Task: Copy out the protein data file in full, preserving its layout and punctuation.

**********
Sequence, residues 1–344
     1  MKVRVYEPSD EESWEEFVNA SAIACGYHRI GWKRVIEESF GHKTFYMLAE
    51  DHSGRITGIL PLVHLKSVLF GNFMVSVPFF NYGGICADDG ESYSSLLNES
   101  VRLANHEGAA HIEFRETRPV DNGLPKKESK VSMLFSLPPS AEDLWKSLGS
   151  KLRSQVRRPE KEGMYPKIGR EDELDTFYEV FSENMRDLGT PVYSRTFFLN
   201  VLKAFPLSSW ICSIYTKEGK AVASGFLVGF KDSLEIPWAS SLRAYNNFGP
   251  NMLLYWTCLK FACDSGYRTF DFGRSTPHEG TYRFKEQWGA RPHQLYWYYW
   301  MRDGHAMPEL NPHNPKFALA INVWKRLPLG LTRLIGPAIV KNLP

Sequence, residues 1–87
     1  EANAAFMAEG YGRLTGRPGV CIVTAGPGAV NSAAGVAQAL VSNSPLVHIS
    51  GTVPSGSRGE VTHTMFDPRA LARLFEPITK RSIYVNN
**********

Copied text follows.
Sequence, residues 1–344
     1  MKVRVYEPSD EESWEEFVNA SAIACGYHRI GWKRVIEESF GHKTFYMLAE
    51  DHSGRITGIL PLVHLKSVLF GNFMVSVPFF NYGGICADDG ESYSSLLNES
   101  VRLANHEGAA HIEFRETRPV DNGLPKKESK VSMLFSLPPS AEDLWKSLGS
   151  KLRSQVRRPE KEGMYPKIGR EDELDTFYEV FSENMRDLGT PVYSRTFFLN
   201  VLKAFPLSSW ICSIYTKEGK AVASGFLVGF KDSLEIPWAS SLRAYNNFGP
   251  NMLLYWTCLK FACDSGYRTF DFGRSTPHEG TYRFKEQWGA RPHQLYWYYW
   301  MRDGHAMPEL NPHNPKFALA INVWKRLPLG LTRLIGPAIV KNLP

Sequence, residues 1–87
     1  EANAAFMAEG YGRLTGRPGV CIVTAGPGAV NSAAGVAQAL VSNSPLVHIS
    51  GTVPSGSRGE VTHTMFDPRA LARLFEPITK RSIYVNN